Scientific Medicine

Arun has lately been posting on Richard Lewontin's reflections on scientific medicine. Here is a quote that exemplifies my objection to Lewontin's argument:

The causes of the tremendous decline of mortality from infectious diseases in the last 100 years are not certain. All that is certain is that “scientific medicine” played no significant part.

Evaluating his argument depends on exactly how one defines "scientific medicine," but I'm going to argue that scientific medicine began with the statistical evaluation of treatment effectiveness. Alan Taylor:

In 1809, on a battlefield in Portugal, the first recognisable medical trial evaluated bloodletting on a sample of 366 soldiers allocated into treatment and control groups. The cure was shown to be bogus. It was the beginning of the end of pre-modern medicine.

Here is another Lewontin Fragment:

In 1828, when causes of death were first systematically recorded in Britain, the death rate from tuberculosis was nearly 4,000 per million. The rate can only be appreciated in contrast to the present death rate in the US and Britain from all causes of only 9,000 per million. By 1855 the death rate from tuberculosis had fallen to about 2,700 and continued to fall steadily so that by the turn of the century it had reached about 1,200 per million. Koch’s discovery of the causal bacillus in the 1880s had no effect whatsoever on the rate of decline, and by 1925, after the Flexner revolution in medical schools, the rate was about 800, only 20 percent of its value in 1838. Totally unaffected by the arrival of modern medicine, the death rate continued its steady drop to 400 per million until 1948 when the introduction of chemotherapy on a broad scale did indeed accelerate the decline to its present negligible level.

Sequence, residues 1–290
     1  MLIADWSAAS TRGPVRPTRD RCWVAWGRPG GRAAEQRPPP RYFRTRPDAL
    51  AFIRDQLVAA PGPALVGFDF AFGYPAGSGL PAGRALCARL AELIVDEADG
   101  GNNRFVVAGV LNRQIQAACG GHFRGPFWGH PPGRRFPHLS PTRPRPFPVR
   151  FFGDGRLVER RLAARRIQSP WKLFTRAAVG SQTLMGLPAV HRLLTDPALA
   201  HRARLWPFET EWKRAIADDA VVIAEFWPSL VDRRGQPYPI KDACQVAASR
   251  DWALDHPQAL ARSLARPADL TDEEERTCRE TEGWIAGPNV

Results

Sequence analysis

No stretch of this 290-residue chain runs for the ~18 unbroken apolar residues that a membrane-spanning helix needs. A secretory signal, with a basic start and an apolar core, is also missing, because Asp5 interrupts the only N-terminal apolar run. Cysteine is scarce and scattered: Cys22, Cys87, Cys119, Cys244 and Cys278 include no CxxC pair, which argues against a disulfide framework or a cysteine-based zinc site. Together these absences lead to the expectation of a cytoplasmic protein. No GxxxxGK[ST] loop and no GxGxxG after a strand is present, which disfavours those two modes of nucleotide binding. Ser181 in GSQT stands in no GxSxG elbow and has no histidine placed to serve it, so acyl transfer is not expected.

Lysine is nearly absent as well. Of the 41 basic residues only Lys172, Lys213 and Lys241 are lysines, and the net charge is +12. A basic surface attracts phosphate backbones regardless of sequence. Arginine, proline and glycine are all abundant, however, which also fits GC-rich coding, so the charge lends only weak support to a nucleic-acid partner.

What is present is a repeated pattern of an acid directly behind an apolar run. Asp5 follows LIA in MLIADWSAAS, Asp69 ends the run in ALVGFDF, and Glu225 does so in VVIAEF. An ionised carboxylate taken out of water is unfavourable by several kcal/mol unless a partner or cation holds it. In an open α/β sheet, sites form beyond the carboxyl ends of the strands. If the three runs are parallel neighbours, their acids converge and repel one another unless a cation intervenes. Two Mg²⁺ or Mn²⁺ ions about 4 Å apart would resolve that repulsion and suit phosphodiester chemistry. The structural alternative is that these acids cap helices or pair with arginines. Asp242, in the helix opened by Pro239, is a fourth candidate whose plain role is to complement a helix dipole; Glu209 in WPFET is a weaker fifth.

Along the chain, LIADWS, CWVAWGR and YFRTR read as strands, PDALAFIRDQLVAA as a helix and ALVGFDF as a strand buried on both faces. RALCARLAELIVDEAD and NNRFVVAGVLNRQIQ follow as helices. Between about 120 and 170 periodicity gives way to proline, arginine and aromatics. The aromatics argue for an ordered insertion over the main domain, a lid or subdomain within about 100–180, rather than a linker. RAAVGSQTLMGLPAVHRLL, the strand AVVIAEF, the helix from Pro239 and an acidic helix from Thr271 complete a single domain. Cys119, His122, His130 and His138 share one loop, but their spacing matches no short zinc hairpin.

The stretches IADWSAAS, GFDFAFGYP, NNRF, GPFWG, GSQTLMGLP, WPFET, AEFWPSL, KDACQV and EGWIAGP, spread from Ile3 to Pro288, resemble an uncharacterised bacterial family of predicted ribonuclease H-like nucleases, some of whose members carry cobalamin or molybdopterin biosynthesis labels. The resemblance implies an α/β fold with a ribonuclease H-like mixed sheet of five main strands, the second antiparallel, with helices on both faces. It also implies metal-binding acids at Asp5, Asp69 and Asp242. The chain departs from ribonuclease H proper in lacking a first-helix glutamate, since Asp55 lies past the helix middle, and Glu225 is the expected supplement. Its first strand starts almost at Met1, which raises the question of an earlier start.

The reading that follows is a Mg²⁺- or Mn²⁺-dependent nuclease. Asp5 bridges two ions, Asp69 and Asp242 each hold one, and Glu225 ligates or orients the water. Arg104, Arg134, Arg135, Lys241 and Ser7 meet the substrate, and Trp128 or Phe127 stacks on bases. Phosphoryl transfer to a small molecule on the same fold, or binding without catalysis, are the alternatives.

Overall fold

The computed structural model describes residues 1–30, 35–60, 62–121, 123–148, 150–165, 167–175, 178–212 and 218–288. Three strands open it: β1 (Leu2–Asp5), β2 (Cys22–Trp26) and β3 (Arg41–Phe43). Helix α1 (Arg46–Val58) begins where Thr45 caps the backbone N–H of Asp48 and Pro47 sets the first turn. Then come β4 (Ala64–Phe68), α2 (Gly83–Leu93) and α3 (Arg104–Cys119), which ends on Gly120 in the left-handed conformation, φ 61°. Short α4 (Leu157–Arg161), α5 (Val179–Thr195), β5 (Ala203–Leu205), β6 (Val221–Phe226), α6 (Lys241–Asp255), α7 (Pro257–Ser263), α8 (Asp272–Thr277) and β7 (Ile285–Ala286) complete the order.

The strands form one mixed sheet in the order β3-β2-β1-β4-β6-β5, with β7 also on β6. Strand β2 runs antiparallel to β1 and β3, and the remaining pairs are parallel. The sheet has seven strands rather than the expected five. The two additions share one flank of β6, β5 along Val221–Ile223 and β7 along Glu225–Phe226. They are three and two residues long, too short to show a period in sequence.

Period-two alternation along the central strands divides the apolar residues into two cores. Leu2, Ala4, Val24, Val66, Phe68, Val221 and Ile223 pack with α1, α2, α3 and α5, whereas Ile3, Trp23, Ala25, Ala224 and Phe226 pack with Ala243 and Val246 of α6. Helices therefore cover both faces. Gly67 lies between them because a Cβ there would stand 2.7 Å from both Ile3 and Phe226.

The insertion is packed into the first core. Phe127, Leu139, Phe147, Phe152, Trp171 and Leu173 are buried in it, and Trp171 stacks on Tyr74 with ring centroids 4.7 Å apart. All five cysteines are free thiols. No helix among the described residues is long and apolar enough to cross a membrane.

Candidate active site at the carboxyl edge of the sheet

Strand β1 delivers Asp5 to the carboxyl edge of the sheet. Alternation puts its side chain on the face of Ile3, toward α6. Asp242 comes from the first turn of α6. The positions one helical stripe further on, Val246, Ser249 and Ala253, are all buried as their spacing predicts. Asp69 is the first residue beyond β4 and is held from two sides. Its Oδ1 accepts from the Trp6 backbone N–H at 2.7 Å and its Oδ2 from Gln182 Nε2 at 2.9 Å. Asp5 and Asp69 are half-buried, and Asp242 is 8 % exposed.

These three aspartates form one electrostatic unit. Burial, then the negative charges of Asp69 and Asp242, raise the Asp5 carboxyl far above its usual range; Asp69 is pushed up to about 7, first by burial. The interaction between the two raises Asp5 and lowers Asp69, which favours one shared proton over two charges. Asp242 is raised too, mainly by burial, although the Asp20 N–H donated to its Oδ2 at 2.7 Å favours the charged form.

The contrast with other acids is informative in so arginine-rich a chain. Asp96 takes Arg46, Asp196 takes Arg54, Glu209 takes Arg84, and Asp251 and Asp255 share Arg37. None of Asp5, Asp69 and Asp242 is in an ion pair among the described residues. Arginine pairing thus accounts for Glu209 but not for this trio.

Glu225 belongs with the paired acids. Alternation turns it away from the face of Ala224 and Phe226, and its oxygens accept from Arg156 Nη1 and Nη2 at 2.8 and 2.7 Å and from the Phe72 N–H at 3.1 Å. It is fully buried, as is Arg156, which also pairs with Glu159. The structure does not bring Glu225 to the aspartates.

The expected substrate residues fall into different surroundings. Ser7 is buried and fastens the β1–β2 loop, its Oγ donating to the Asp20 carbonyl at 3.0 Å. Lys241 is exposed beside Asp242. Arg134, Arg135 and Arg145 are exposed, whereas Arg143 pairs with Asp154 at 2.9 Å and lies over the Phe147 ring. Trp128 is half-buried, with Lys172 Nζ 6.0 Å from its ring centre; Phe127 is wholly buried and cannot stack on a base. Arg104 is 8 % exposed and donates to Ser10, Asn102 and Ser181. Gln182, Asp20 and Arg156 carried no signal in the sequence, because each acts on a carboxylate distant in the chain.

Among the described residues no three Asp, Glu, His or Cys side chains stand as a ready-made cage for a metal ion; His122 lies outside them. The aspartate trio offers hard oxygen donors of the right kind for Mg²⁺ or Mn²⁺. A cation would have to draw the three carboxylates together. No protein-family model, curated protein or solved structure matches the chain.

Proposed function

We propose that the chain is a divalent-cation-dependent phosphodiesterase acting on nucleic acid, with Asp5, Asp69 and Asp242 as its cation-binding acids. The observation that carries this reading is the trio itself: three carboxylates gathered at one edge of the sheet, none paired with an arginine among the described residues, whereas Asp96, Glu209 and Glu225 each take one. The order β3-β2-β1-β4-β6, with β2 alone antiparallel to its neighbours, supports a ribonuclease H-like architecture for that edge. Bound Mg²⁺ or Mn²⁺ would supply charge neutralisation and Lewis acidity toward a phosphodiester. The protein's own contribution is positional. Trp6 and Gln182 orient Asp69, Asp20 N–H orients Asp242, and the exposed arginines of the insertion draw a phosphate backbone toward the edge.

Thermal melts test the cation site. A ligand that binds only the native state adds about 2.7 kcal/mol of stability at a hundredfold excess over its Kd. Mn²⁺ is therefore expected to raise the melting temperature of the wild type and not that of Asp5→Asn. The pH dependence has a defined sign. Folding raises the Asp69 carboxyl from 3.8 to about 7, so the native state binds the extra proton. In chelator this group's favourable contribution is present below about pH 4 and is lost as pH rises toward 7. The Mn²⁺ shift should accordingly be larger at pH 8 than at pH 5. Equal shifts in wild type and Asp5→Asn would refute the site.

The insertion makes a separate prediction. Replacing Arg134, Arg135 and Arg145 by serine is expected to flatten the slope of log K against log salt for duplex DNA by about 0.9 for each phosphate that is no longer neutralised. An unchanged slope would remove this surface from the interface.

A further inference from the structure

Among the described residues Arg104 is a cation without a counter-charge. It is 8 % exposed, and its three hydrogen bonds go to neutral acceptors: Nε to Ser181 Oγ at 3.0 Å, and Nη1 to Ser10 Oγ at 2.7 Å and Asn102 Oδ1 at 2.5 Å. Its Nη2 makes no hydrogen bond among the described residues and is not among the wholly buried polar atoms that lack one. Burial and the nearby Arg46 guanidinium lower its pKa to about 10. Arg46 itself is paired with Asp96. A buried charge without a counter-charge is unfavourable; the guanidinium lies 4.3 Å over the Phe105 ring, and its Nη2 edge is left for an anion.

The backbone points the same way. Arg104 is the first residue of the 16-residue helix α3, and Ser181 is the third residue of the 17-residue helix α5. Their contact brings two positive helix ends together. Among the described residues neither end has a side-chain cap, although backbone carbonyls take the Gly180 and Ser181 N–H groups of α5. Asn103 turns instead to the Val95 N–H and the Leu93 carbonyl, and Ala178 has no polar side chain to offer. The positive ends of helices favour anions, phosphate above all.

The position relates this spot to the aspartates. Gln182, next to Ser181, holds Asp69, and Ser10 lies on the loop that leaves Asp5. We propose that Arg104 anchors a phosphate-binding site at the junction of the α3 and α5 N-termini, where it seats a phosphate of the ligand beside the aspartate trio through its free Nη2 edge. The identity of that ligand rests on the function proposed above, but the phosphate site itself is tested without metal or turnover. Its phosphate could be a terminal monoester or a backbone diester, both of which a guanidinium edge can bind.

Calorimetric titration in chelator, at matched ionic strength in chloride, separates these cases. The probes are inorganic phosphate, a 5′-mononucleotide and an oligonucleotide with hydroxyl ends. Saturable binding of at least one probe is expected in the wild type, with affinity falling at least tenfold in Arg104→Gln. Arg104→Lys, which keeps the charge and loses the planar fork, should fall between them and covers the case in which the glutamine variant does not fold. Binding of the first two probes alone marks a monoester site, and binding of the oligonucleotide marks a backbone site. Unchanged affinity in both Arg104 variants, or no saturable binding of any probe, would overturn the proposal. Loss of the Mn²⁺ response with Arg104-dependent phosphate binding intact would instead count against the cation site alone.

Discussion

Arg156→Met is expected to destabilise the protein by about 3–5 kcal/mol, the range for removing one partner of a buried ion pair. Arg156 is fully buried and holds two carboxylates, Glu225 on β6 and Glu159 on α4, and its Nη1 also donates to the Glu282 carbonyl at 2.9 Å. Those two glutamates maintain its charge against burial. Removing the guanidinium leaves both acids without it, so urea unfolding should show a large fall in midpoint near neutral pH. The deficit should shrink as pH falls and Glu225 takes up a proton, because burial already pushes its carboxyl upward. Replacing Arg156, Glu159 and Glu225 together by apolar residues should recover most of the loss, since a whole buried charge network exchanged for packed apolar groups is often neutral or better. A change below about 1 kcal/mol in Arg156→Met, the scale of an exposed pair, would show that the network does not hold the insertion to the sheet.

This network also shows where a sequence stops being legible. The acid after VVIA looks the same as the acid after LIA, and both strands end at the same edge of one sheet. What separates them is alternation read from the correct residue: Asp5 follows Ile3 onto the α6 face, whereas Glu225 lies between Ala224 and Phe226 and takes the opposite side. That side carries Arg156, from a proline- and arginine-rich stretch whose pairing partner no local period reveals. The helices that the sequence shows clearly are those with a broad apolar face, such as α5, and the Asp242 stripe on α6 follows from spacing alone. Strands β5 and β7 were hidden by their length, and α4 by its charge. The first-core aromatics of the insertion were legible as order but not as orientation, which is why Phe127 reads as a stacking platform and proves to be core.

Note first that the collection of systematic records on causes of death is exactly the sort of thing that corresponds to what I call "scientific medicine", and that the date is quite in line with the Taylor quote. That kind of statistical data has been central to medicine ever since, and that kind of data is even more valuable than the identification of a specific causal agent to prevention and treatment. Even the modern plague of AIDS followed the familiar pattern - the Center for Disease Control and others knew a great deal about epidemiology long before the identification of the virus responsible.

Dr. Lewontin, your diagnosis is bogus.


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